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Will Democrats Regret Weaponizing the Judiciary?

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tags: SCOTUS, Brett Kavanaugh, Christine Blasey Ford



Matthew Pritchard is an attorney and writer. His Twitter handle is @mw_pritchard.

The year was 1937. Supreme Court Justice Owen Roberts had to decide which was more important: his intellectual integrity, or the integrity of the court as an institution. President Franklin D. Roosevelt’s court-packing plan—which FDR billed as a measure to shore up the country’s “overworked” courts—had precipitated a showdown with the judiciary. No one doubted the plan’s true purpose was to strong-arm the justices into ruling in the president’s favor on his signature New Deal program. If the court as constituted didn’t start approving the president’s agenda voluntarily, he was going to add enough seats filled by handpicked appointees to force it into compliance. The question was whether the justices would yield to the threat.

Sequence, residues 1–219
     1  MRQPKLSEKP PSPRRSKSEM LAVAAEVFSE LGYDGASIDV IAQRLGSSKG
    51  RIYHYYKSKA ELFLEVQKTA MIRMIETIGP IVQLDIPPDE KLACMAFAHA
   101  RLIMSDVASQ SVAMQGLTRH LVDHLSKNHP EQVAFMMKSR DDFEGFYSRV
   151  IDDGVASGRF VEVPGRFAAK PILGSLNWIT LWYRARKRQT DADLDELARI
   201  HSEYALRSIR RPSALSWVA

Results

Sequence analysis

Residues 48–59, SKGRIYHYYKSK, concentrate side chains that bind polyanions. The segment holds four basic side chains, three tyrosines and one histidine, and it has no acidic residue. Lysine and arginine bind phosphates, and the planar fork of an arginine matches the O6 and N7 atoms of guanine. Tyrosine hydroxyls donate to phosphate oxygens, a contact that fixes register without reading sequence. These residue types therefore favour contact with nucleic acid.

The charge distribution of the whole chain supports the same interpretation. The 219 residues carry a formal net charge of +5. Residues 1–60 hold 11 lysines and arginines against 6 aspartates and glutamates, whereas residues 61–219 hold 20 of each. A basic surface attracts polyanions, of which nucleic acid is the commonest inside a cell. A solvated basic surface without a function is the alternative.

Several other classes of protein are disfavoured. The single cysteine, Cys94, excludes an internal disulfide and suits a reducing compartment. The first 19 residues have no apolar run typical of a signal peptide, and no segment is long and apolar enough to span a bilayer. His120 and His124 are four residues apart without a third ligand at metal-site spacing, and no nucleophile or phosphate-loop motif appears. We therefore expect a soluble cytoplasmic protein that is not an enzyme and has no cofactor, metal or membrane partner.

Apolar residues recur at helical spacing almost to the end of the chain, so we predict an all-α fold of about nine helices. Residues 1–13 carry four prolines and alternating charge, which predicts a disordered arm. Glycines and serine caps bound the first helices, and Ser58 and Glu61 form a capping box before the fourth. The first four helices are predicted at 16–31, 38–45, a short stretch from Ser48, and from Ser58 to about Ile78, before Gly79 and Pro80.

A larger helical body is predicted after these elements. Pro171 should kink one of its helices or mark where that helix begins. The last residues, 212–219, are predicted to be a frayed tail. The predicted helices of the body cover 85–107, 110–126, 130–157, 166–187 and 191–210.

For Justice Roberts’ more conservative colleagues—ominously dubbed “the Four Horsemen” by political opponents—the answer was a resounding “no.” Such a blatant assault on judicial independence was too much for them, the long-term viability of the court be damned. They’d sooner see the judicial branch implode than give an inch in the face of what they saw as executive tyranny. On the other side, it was clear that the court’s liberal minority—the so-called “Three Musketeers”—would continue supporting FDR’s New Deal regardless of what happened in the court-packing fight. But Roberts, a moderate former prosecutor appointed by Calvin Coolidge, was in neither camp. So the role of saving the court fell to him and, to a lesser extent, Chief Justice Charles Evans Hughes.

In the end, Roberts came through. Despite the blow his reputation would take, he began to side with the administration in virtually all the cases that came before the court, often reversing votes he had cast just a few terms before. The message was clear: The court would no longer get in the president’s way. And it worked. Despite the usual impulse of the Democratic majority in Congress to rubber-stamp anything Roosevelt advanced, Congress took heed of the court’s change of heart and killed the court-packing bill. The crisis was over.

But why did it arise in the first place? ...

Read entire article at Politico

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